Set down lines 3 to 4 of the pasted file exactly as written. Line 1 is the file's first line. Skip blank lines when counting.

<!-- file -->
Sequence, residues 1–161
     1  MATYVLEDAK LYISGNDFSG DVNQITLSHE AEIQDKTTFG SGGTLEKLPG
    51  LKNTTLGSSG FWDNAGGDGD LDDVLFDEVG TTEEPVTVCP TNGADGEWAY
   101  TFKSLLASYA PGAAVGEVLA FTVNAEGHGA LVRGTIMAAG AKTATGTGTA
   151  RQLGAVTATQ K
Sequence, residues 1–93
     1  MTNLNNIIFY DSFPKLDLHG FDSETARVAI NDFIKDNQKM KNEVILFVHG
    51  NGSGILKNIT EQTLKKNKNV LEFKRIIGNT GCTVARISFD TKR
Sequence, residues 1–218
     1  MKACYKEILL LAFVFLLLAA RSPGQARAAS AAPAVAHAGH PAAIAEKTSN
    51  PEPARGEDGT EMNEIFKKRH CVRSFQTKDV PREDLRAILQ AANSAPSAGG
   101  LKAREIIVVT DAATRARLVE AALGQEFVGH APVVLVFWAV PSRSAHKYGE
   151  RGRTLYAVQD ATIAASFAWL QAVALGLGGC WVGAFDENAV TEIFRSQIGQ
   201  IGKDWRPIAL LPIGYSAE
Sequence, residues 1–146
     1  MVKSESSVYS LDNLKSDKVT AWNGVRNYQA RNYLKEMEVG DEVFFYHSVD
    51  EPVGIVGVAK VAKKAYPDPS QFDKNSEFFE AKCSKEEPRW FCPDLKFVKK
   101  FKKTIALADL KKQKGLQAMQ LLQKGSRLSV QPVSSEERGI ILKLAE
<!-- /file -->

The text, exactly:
    51  LKNTTLGSSG FWDNAGGDGD LDDVLFDEVG TTEEPVTVCP TNGADGEWAY
   101  TFKSLLASYA PGAAVGEVLA FTVNAEGHGA LVRGTIMAAG AKTATGTGTA